New York. Starting today at MoMA, The Banishment (2007), “the second feature from the Russian director Andrey Zvyagintsev, is finally receiving a run in New York more than ten years after its lead, Konstantin Levronenko, took the best-actor prize at Cannes,” writes Ben Kenigsberg in the New York Times.
Kenigsberg also spotlights tonight’s screening of Hiroshima at Japan Society: “Hideo Sekigawa’s 1953 film, an independent production that presents a dramatized look at the lives of survivors of the bomb, was perceived as anti-American and was shown in the United States in an edited version; according to Donald Richie, a scholar of Japanese cinema, some scenes were also included uncredited in the French director Alain Resnais’s great Hiroshima, Mon Amour.”
“For nearly three decades,” writes Tyler Maxin at Screen Slate, “Trent Harris has been repeatedly dubbed a ‘cult filmmaker,’ a bittersweet term. His initial notoriety came off the tape-swapping success of The Beaver Kid, a guerrilla parking lot document of a hammy twenty-one-year old (his name is ‘Groovin’ Gary,’ he tells the camera) that lead to two subsequent remakes by Harris, with pre-fame Sean Penn and Crispin Glover in the title role. The fascination around the films have lead to underground fame, a very precious This American Life episode, a documentary, VICE article/s, and countless Internet blogposts. It also gave Harris the traction he needed to begin the production of the ill-fated 1991 feature Rubin and Ed, playing tonight at Spectacle.”
On Sunday, Jerry Schatzberg will be at the Metrograph to present a 35 mm print of his 1970 film Puzzle of a Downfall Child with Faye Dunaway—as seen in the image at the top. Jeva Lange, also at Screen Slate: “No oppressor of women escapes without blame: religion, capitalism, sex, the fashion industry, and above all others, men get no mercy from Schatzberg.”
Meanwhile, the schedule for the first half of Martin Scorsese Presents Republic Rediscovered: New Restorations from Paramount Pictures, running at MoMA from February 1 through 15, is now set. And To Save and Project: The 15th MoMA International Festival of Film Preservation is underway, while 60s Verité opens at Film Forum today.
Los Angeles. On Sunday, as part of Ism, Ism, Ism: Experimental Cinema in Latin America, the Hammer Museum presents Testamento Cinemático: The Films of Narcisa Hirsch: “A pivotal figure in Latin American experimental cinema, Narcisa Hirsch—a German émigré raised in Argentina—first focused on painting, then performances and happenings, before making a crucial move to film. These six short films are meditations on female independence, eroticism, violence, and mortality, forming an important intervention into the history of structural and experimental film.”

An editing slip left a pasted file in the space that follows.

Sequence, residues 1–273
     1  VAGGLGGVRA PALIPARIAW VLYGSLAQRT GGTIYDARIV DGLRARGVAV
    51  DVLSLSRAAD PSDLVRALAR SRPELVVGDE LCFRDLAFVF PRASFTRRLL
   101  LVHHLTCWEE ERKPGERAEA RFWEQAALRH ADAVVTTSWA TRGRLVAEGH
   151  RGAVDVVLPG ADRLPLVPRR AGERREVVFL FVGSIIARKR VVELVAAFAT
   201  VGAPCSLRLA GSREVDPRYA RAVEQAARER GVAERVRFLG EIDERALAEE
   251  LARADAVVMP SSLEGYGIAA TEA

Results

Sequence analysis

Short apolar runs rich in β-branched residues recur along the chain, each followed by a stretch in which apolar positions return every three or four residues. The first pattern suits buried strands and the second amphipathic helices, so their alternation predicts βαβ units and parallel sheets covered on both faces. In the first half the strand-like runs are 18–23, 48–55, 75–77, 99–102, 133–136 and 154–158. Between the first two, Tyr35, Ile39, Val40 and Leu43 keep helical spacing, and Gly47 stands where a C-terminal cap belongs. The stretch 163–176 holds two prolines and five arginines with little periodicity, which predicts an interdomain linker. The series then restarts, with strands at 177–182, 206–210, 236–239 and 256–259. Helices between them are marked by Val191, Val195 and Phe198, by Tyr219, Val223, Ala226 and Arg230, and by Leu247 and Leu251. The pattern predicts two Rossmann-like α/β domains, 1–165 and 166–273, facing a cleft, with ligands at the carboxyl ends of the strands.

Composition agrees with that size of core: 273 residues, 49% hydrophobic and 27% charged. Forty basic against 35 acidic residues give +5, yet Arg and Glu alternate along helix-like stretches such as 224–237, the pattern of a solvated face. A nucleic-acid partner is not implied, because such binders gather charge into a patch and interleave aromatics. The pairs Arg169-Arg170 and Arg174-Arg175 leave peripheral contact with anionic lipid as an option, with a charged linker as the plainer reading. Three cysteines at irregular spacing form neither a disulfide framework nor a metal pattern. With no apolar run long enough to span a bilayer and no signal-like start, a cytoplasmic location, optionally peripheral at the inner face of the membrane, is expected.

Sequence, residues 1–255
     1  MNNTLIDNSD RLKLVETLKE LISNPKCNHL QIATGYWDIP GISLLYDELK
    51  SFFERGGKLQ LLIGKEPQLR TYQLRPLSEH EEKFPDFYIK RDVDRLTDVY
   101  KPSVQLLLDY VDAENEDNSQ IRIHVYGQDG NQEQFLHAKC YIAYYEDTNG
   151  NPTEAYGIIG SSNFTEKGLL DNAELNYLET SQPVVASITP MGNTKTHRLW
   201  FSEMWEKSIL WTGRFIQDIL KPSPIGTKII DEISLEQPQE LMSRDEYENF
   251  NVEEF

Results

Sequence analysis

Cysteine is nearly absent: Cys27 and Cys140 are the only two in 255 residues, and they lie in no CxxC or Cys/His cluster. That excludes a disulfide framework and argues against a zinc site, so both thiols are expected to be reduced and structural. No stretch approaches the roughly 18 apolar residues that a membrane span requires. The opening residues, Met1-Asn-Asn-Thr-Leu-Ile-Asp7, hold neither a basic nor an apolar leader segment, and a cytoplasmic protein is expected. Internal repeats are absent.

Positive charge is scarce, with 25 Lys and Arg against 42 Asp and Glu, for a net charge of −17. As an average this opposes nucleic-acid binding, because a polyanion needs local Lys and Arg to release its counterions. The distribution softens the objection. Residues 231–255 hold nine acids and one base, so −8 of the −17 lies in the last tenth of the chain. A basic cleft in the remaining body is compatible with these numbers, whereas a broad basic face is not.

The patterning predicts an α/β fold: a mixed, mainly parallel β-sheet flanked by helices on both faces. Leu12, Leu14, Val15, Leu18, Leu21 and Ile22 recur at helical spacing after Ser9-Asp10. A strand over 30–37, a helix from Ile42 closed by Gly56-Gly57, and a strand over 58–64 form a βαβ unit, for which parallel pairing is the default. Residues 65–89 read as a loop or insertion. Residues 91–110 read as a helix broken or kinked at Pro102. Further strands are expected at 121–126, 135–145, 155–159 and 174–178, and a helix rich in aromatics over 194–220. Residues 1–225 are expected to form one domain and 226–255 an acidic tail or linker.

Nathaniel Bell picks out more highlights of the next several days for the LA Weekly.
Berkeley. With the Pacific Film Archive series Ida Lupino: Hard, Fast, and Beautiful running through February 24, Michael Guillen’s posted Frako Loden’s 2009 piece on Outrage (1950) and The Bigamist (1953).
Paris. With the Cinémathèque française’s Sam Fuller retrospective running through February 15, Sabzian alerts us to a few new publications: Samuel Fuller. Le Choc et la Caresse is a collection of essays by Bernard Eisenschitz, Chris Fujiwara, among others; Jean Narboni’s Samuel Fuller. Un homme à fables; and Frank Lafond’s Samuel Fuller. Jusqu’à l’épuisement. And on France Culture, “you can listen to a recent one-hour talk on Fuller with the critic Jean Narboni and Samantha Fuller, the filmmaker’s daughter who directed the documentary A Fuller Life (2013), which has just been released on DVD and Blu-Ray this month by Carlotta.”
Berlin. There aren’t any new lineups from the Berlin International Film Festival today (so far), but there’ve been a couple of announcements. First, the Berlinale Co-Production Market’s “CoPro Series” will host “eight new, selected series projects have the chance to find appropriate co-production and financing partners here.” And “EFM Horizon,” a program “successfully launched at last year’s European Film Market (EFM),” will “spotlight hot new themes such as artificial intelligence, virtual reality, blockchain, and diversity in the film industry.” The sixty-eighth edition of the festival runs from February 15 through 25.
Belgium. Sabzian looks ahead to goings on in February.
For news and items of interest throughout the day, every day, follow @CriterionDaily.